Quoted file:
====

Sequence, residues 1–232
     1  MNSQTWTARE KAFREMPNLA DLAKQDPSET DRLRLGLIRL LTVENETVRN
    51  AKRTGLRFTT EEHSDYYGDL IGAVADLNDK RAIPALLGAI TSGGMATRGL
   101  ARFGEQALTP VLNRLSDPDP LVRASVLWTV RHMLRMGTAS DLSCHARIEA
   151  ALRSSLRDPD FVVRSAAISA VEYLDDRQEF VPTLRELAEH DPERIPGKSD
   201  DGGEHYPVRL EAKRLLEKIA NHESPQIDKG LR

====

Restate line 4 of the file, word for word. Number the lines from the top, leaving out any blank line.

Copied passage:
   101  ARFGEQALTP VLNRLSDPDP LVRASVLWTV RHMLRMGTAS DLSCHARIEA